The question when The Legend of Korra began was whether the show could ever make itself more than an asterisk on the successes of The Last Airbender. Throughout its run Korra has been hampered by these kind of external questions. Even after it proved that it could stand outside the long shadow of its parent show, there were budget cuts leading to animation limitations in Season 2, an early leak of several episodes, Nickelodeon tossing the show back and forth between cable and online-only, and a certain fan-favorite relationship that may have been restricted in its depiction by Nick’s standards and practices.1If you’re reading this footnote… then you probably already know what I’m talking about.
All of these things have distracted from the strengths of the show, strengths which were on clear display in the two seasons that aired in 2014. The continuously dazzling animation, from the 1920s-Shanghai streets of Republic City to the dreamscapes of the Spirit World. The spectacular voice cast, especially P. J. Byrne (Bolin) and John Michael Higgins (Varrick) as the show’s most reliable comedic engines, J. K. Simmons (Tenzin) as its grounded heart, and, most of all, Janet Varney’s exception realization of Korra’s emotional turmoil and growth. Season 3’s core was a dark psychological journey, as Korra faced symbolic rape and loss of her agency at the hands of Zaheer and the Red Lotus, leaving her de-powered and struggling.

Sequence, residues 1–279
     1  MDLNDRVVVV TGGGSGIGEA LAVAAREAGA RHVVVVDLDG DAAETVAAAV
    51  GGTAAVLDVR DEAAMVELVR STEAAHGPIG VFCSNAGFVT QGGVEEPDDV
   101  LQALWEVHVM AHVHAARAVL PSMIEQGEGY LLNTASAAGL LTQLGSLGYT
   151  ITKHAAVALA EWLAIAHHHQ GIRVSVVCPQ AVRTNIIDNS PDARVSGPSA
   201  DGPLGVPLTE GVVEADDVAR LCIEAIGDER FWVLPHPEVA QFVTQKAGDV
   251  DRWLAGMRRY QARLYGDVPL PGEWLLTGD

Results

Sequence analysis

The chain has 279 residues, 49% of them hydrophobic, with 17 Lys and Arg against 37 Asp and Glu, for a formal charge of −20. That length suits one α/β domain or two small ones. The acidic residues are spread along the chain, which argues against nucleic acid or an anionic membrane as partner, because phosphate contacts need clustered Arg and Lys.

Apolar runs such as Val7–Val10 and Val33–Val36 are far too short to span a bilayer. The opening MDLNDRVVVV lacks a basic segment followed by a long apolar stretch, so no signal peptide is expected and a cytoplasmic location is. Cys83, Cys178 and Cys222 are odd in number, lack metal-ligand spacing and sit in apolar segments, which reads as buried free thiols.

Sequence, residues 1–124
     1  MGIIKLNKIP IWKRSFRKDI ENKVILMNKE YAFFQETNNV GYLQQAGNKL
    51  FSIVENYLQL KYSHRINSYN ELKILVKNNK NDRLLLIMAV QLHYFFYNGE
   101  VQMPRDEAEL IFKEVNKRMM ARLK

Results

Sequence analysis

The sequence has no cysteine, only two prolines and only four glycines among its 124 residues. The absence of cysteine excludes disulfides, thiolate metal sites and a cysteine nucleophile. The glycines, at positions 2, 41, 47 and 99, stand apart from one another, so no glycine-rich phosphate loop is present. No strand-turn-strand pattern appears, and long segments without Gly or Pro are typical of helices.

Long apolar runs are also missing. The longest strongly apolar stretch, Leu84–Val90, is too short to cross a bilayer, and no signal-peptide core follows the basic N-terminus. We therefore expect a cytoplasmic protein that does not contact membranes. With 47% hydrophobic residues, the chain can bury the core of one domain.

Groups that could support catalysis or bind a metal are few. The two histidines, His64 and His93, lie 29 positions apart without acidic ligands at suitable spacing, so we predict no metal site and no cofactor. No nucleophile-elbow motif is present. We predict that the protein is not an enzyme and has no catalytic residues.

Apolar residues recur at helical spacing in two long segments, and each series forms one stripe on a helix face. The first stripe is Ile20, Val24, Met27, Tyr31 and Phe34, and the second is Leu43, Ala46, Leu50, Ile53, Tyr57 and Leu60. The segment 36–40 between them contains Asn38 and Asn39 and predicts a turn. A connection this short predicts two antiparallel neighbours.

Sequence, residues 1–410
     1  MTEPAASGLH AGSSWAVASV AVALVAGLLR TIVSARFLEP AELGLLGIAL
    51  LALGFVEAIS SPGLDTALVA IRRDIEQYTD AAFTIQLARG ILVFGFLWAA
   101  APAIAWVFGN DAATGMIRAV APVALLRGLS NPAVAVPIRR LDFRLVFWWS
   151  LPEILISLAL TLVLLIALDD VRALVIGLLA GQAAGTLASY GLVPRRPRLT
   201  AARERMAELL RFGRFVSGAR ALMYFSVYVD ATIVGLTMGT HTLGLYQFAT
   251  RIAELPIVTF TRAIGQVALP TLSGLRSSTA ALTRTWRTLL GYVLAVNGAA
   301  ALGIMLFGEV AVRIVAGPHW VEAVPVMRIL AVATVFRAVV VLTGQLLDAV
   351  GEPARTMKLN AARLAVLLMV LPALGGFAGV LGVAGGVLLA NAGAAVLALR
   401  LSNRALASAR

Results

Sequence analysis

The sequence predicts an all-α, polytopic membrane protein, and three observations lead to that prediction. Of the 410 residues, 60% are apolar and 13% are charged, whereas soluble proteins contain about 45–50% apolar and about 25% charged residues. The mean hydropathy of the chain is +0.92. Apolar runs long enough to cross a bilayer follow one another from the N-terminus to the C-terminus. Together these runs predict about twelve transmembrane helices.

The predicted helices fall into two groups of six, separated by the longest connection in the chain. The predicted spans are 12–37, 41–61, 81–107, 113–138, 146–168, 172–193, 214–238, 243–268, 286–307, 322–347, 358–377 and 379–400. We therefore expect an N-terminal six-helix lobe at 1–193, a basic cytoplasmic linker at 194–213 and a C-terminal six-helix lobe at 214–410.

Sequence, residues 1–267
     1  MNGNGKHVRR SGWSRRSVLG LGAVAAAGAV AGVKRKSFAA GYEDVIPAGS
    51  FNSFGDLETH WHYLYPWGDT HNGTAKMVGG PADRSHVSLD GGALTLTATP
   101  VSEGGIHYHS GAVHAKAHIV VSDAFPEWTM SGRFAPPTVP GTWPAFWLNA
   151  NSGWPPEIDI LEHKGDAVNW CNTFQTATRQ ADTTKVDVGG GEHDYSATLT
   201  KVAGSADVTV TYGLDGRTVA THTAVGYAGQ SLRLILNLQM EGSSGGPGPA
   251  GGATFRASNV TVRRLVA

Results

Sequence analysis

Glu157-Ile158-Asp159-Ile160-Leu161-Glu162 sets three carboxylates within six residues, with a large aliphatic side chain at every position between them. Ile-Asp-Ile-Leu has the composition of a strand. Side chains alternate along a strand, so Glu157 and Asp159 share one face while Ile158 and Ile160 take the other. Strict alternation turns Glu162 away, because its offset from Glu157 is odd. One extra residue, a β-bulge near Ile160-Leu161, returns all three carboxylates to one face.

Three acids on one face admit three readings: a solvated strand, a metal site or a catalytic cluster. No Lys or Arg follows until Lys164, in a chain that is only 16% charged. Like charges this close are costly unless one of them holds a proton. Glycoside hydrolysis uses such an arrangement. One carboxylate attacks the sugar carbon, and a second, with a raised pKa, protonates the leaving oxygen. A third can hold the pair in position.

As with the emotionally self-immolating Zaheer, the show has always had compelling adversaries, and Season 4’s Kuvira acted as a fitting summation in that respect. Her strength, charisma, and relatable intentions gave viewers a direct taste of how her appeal operated on Bolin and the citizens of the Earth Empire, making her certainly the most realistic and understandable fascist leader in the history of young-adult television.
Kuvira represented an essential part of Korra’s journey towards maturity. Korra began the show as something of an archetypal “strong” female character, but the show was willing to explore beyond that, and examine the nature of strength. In the show’s deeply humane vision, true strength means understanding and empathy, even towards those who injure us, even towards those who have no empathy themselves. Kuvira, as Korra’s final enemy, exemplified what Korra had once thought of as her strengths — her muscle, her bravery, and her willingness to rush headlong into action. In defeating Kuvira, but not destroying her, Korra learns to empathize with and forgive her immature shadow self, and find the compassion to accept it.
Like many young adults, Korra faces a world that alternates between telling her precisely what to do and telling her that she’s useless. She goes from glorified to victimized and back and forth again. The show was, perhaps, an action show2A really really excellent action show., but the way that Korra finds, reshapes, and discovers herself elevated it and turned it an indelible depiction of adolescence and maturation.
Check back tomorrow for another of my top animated series of the year. Tomorrow’s entry: a dark horse cartoon.
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|1.||If you’re reading this footnote… then you probably already know what I’m talking about.|
|2.||A really really excellent action show.|